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JPMorgan, Credit Suisse Ready $7.2 Billion Debt Sale for Casinos

Davide Scigliuzzo

(Bloomberg) -- A group of banks led by JPMorgan Chase & Co. and Credit Suisse Group AG is readying a $7.2 billion debt offering to finance Eldorado Resorts Inc.’s acquisition of Caesars Entertainment Corp., according to people familiar with the matter.

Lenders began marketing some of the debt, among the largest commitments signed before the Covid-19 pandemic, on Tuesday, said the people, who asked not to be named because the discussions are private. The offering is expected to include leveraged loans and high-yield bonds, they said.

The banks agreed to the financing a year ago, and recently negotiated better terms that give them flexibility to shift a substantial portion of the debt from leveraged loans to secured bonds, according to the people.

That change isn’t expected to impact the company’s borrowing costs materially, but it will relieve banks from their original commitment to sell around $5.2 billion of the debt in the loan market where prices remain below levels reached before the outbreak, one of the people said.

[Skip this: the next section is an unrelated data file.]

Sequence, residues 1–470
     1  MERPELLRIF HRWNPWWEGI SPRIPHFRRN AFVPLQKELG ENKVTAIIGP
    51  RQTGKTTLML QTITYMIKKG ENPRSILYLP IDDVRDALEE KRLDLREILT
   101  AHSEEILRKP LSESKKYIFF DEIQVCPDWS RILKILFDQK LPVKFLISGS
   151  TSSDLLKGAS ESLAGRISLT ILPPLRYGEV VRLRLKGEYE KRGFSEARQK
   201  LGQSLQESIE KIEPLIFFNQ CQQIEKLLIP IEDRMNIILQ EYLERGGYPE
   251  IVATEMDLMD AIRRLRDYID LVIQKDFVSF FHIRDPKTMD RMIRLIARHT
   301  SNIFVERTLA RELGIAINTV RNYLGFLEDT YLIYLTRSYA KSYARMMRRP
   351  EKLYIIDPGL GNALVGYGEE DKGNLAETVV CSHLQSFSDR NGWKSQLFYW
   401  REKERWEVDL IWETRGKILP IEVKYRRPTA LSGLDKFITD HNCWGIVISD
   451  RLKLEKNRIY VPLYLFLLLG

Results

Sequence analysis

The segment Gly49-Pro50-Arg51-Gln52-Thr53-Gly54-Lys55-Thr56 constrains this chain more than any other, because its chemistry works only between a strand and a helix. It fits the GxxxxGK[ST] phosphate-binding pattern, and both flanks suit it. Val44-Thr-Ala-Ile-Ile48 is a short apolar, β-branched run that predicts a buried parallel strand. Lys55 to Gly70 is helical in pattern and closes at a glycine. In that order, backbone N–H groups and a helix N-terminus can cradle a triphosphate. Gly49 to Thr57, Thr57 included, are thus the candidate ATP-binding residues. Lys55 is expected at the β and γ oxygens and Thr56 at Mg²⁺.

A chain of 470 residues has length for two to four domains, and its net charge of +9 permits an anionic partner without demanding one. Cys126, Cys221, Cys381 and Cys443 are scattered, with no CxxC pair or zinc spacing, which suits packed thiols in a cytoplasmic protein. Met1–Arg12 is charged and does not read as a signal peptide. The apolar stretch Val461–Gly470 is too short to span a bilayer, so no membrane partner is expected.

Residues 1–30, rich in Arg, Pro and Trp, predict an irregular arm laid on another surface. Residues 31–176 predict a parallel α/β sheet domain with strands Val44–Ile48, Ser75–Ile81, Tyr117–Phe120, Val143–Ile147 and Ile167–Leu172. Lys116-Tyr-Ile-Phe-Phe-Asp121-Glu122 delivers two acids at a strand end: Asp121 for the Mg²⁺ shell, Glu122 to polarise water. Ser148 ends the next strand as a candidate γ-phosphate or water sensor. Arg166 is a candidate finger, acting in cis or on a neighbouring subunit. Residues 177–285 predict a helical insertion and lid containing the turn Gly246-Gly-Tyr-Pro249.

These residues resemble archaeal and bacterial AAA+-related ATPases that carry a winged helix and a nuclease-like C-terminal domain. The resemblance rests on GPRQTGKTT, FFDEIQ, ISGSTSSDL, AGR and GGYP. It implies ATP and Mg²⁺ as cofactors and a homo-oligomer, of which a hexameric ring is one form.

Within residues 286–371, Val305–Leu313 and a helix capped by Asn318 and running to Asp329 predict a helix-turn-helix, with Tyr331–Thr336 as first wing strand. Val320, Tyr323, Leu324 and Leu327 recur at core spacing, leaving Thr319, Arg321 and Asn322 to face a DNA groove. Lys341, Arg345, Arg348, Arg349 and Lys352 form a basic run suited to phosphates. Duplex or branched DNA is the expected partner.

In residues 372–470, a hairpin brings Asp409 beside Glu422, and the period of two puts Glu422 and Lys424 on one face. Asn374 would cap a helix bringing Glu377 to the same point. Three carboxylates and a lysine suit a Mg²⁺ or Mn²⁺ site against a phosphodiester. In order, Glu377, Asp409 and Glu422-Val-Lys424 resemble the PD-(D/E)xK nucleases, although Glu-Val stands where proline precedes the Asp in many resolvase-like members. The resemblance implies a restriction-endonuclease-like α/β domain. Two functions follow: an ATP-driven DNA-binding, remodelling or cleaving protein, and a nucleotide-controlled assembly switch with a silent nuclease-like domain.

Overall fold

The deal with be financed with a mix of Caesars and Eldorado debt. Credit Suisse is leading the debt sale for Caesars, while JPMorgan leads the financing for Eldorado.

Representatives for Credit Suisse, Eldorado and JPMorgan declined to comment. A representative for Caesars declined to comment on the financing but said the company continues to work toward the closing of the acquisition.

The purchase of Caesars is one of the riskiest deals yet to close from the pre-virus era, and will make Eldorado -- once a small, family-run casino business -- the largest operator of gambling establishments in the U.S. The company is also planning to issue new shares, sell some Las Vegas real estate and take other steps to strengthen its finances. The stock offering could generate about $800 million.

Read more: Banks promised $7 billion for a casino deal. Then the virus hit

Leveraged loan prices have recovered to about 90 cents on the dollar, while an ebullient credit market has seen junk bonds recoup nearly all of their losses this year. Other acquisition financings including for Apollo Global Management Inc.’s buyout of Tech Data Corp have also launched this week. Radio Systems Corp., which owns PetSafe, is marketing a $625 million junk bond offering to finance its buyout by Clayton, Dubilier & Rice.

(Updates with details of the financing starting in second paragraph.)

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